“A life that touches others, goes on forever.”
Death affects us in many forms. Although we are saddened by the loss of someone we love, we were taught by our parents to embrace death as a celebration of one’s access to heaven, a fulfillment of a life well-lived.
Acceptance of death is easier especially when a loved one is delivered from a lingering illness but even with the teachings we had, grief takes over and the sadness remains.
Thus, it was with much heartache to learn that a family friend, Dr. Julian Raca, suddenly passed away last Monday.
Julian was a constant fixture in our lives. He was my sister, Inday’s best friend who helped her during her bout with breast cancer. He was our go-to for medical certificates when the doctors in our family could not issue it.
I will never forget our emergency trip to the US when he volunteered to accompany my sister’s partner, James, who was in grave medical condition and wanted to fly home as his dying wish. Julian held my hand, explaining what the doctors in San Francisco were saying and kept me strong as I was tasked with the medical decision on what to do next. Julian told me to sleep over it and fortunately, James took that off my hands as he quietly expired that night.
Julian was there when my son, Giancarlo, had to fly home from Singapore for an emergency surgical procedure. Every step of the way, he gave instructions on how to prevent further spread of the infection on the flight home, to prepping up the OR for an immediate surgery upon landing. Giancarlo who is a chef, got to keep his finger thanks to Julian.
Julian was there when Daddy expired at home and comforted us in our grief. He was a constant in our family gatherings and a ninong to our nephew, Commie.
The last time I heard from him was when he greeted me during my birthday and it came as a shock that a week later, he would be taken from us. He was COVID positive and this brings the pandemic closer to home. Gone are the days when the COVID death toll are mere statistics. We are seeing friends succumb to the virus and it pains me to see how people are still not taking this health issue seriously.
It was a pain to learn of your passing. But we take comfort that you’ve lived well and loved by many. Rest in peace now, our dear friend. Rest in God’s loving embrace Doc.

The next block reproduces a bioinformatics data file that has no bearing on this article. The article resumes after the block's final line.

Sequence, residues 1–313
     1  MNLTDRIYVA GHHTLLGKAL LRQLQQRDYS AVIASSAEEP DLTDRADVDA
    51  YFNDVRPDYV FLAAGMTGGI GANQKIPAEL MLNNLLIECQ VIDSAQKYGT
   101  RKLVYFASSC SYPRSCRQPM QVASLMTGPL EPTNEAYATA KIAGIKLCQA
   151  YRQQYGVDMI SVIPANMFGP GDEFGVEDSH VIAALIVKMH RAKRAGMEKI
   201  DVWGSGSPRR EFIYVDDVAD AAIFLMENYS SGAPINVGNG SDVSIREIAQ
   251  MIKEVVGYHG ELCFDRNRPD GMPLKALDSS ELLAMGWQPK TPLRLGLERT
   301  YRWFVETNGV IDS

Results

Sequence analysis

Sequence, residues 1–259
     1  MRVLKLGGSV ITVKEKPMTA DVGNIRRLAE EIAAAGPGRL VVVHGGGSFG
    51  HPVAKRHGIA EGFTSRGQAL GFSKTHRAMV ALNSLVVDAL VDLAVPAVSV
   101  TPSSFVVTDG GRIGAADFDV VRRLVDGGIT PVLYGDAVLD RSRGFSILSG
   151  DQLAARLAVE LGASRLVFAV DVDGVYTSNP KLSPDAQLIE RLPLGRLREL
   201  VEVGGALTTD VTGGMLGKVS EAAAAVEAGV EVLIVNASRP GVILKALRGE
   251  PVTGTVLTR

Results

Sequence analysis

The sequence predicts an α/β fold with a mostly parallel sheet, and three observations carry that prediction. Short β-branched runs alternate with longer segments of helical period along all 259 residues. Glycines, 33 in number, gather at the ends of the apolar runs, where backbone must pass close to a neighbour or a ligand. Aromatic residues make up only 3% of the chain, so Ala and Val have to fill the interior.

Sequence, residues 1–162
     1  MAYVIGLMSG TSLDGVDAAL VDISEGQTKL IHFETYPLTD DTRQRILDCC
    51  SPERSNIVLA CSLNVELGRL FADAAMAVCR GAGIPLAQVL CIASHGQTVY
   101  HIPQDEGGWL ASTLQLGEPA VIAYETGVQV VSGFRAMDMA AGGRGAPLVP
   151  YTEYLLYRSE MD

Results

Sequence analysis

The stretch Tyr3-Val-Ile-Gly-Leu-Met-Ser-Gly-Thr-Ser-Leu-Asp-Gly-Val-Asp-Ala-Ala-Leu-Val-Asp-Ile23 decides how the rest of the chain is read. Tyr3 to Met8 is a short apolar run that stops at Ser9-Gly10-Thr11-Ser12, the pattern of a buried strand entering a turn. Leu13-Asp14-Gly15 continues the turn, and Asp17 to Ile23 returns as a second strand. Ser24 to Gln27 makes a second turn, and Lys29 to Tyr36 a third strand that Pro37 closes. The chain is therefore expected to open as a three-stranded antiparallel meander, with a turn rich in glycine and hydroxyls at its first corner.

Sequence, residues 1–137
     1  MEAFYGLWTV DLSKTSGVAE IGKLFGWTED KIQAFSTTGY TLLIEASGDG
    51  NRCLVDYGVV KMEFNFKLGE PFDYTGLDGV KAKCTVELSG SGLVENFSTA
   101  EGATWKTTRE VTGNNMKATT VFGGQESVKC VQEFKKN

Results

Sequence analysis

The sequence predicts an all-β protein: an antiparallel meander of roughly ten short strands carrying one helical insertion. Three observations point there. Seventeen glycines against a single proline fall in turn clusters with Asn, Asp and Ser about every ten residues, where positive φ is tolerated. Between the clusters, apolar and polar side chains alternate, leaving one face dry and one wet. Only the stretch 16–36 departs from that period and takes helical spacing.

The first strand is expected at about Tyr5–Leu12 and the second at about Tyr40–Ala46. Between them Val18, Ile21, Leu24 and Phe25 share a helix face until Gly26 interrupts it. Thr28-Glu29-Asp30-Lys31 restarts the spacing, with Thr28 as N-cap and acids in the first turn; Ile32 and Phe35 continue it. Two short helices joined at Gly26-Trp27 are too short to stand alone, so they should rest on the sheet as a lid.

Death really surrounds us and it is tragic how others leave us as in the case of provincial consultant, Marton Cui whose death hogged headlines after he was gunned down in a clearly well-planned assassination at around 8 pm Tuesday night. He was pronounced dead an hour later.
I’ve met Marton a few times and he was a very unassuming guy, often quiet. But everyone in the political landscape in the province knows that he was major force, especially in the first district.
He was a good friend of Gov. Bong Lacson who described Marton as someone who “preferred to work behind the scene, not wanting to take any credit for himself.”
And yes, you would not often see him, but he made crucial decisions in the first district and recently, at the province, when he took on the consultancy position that made him a public persona. But even as a consultant for hospital operations, Marton did not figure prominently even amidst this health crisis and chose to continue working behind the scene.
As the governor queried, why would someone go out to harm Marton? And based on media reports, the killing was carried out with so much precision that even his bodyguards and the security detail at the Emerald Arcade in San Carlos City were not able to react immediately.
I was watching a coverage of the investigating team who were trying to identify the supposed site of the gunman from where Marton was shot, and it was really from a distance that only a professional sniper can accomplish. And with nary a sound, it was assumed that the shot was from a long-range rifle with a silencer or sound suppressor. Something that we only see in the movies.
From accounts of witnesses, the white van which was supposedly used by the assassin/s was seen in the area since 4 pm. Nobody bothered to approach the vehicle which was reportedly idling the whole time and perhaps the assailant/s were inconspicuous since they did not even capture the interest of Marton’s security who, from reports, were lounging outside, waiting for him to board his vehicle.
It was a high-profile killing that drove in over two dozen police personnel there the morning after. Ah, but how crude it all seems when you see operatives surrounding the area without gloves or plastic covering in their shoes to preserve the scene of the crime as what we would normally see in investigative coverage of crime scenes in western countries.
It’s kind of surprising too that the vehicle was not immediately stopped or recovered. Marton was known in the first district that you would assume word of his killing would entail immediate mobilization of government forces to be on the lookout for the vehicle and set up checkpoints.
There are too many questions and with the governor himself stating that he hopes that “unlike similar incidents in the past, the triggerman, the mastermind and the reason why this was done, can be established,” this is likely to put so much pressure on the police. And about time too because we don’t want this case to end like all other unsolved killings.
Tama na! Stop the killings!*